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Tom Burns (1913-2001)


British professor of sociology at Edinburgh University.

His book, The Management of Innovation, written with the psychologist GM Stalker (see below) emphasized the importance to innovation of freedom, informality, teamwork and empowerment years before people like Rosabeth Moss Kanter (pictured right below) did.Tom Burns


Key books


The Management of Innovation (1961), written with GM Stalker


In their research study of Scottish and English electronics companies, they identified two types of organization:


1. Organic (best for change and innovation)

  • task focused - communication in multi-functional teams that take responsibility for results.

  • continual re-definition of jobs.

  • motivation from a shared commitment to the organization's values and beliefs.

  • informal interaction in teams - communication consists of “information and advice rather than instructions and decisions”

Tom Burns


2. Mechanistic (best for stable conditions)

  • similar to Max Weber’s (pictured right) rational-legal bureaucracy
  • hierarchical and autocratic (superiors telling subordinates what to do).
  • clear definition of jobs carried out in a particular department.
  • power from position - the chief executive is  “all-powerful and all-knowledgeable” and passes down orders throughout the organization via his (or her) subordinates.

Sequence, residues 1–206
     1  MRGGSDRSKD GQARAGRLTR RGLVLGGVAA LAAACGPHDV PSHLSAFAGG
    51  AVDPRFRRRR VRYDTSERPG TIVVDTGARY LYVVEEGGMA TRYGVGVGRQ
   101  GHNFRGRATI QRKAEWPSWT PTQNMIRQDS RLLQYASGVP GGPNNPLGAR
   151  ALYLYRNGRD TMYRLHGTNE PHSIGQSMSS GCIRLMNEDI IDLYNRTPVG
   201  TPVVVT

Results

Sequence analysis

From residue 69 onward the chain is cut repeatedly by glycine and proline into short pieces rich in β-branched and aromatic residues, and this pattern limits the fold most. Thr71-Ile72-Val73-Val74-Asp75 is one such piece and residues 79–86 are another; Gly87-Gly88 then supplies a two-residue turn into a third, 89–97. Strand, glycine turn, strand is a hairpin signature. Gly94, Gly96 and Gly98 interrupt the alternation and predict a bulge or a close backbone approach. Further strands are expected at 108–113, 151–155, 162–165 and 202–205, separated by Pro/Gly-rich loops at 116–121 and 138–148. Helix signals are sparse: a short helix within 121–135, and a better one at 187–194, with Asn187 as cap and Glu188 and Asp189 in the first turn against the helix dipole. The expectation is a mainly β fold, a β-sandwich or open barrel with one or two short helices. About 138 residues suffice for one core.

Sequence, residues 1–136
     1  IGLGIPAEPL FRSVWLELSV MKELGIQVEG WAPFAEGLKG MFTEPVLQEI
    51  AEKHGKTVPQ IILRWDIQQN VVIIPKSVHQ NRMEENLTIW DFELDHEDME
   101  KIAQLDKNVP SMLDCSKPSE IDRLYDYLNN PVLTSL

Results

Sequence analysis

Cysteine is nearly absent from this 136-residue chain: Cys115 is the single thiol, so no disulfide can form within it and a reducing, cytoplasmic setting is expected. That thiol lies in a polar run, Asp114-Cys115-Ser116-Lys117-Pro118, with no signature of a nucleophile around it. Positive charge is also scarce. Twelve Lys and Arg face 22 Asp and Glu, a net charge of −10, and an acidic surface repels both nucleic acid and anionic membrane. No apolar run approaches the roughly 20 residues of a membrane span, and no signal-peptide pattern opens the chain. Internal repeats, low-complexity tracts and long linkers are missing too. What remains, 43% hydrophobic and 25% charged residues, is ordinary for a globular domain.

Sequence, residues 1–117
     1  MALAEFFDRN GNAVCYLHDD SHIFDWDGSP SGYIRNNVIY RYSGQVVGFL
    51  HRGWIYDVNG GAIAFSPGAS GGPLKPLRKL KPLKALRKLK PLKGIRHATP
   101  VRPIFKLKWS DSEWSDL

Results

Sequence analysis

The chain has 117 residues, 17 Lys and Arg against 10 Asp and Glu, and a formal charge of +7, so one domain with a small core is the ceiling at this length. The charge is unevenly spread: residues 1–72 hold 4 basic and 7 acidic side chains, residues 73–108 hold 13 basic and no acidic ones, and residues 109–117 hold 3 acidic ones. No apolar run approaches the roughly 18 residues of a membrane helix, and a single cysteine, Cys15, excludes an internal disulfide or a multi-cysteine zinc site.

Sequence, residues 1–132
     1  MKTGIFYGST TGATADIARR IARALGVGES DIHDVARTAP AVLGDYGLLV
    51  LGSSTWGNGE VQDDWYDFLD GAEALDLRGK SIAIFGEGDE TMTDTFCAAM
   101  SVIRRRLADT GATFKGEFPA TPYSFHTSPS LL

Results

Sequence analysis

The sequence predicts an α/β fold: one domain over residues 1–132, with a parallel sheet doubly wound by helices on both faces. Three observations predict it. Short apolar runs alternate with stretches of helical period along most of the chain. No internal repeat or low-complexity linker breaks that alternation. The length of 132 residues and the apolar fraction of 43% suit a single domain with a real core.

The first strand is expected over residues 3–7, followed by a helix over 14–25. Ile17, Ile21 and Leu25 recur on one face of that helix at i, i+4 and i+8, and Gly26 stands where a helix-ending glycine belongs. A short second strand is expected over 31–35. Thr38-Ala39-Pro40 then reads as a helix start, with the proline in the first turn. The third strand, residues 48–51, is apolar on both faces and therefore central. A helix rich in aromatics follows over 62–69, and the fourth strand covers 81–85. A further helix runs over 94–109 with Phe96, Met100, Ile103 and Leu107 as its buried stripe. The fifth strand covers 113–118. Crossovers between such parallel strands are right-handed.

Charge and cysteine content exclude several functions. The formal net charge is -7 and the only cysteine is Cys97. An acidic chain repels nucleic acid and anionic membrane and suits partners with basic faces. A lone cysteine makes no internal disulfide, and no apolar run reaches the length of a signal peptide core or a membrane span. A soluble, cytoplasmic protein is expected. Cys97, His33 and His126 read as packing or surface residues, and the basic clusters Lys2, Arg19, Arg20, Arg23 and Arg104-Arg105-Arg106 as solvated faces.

Burns and Stalker's research showed that companies didn't move from a mechanistic to an organic structure when change (e.g. competition and technological innovation) demanded that they should.

People with hierarchical power felt threatened by organic laboratory teams, resulting in constant conflict between them. So these teams were:

  • disbanded, or
  • isolated from the rest of the organization, or
  • turned into a bureaucratic department as part of the mechanistic organization.

To maximize profits from innovation and overcome resistance to change, the chief executive and other managers must instead support organic teams, despite these being more stressful and demanding on people's personal lives.


Key quotes on innovation and management

A mechanistic management system is appropriate to stable conditions. The organic form is appropriate to changing conditions which give rise constantly to fresh problems and unforeseen requirements for action.

The operation of an organic system of management hinges on effective communication.

Management is largely concerned with anticipating change and making alteration.

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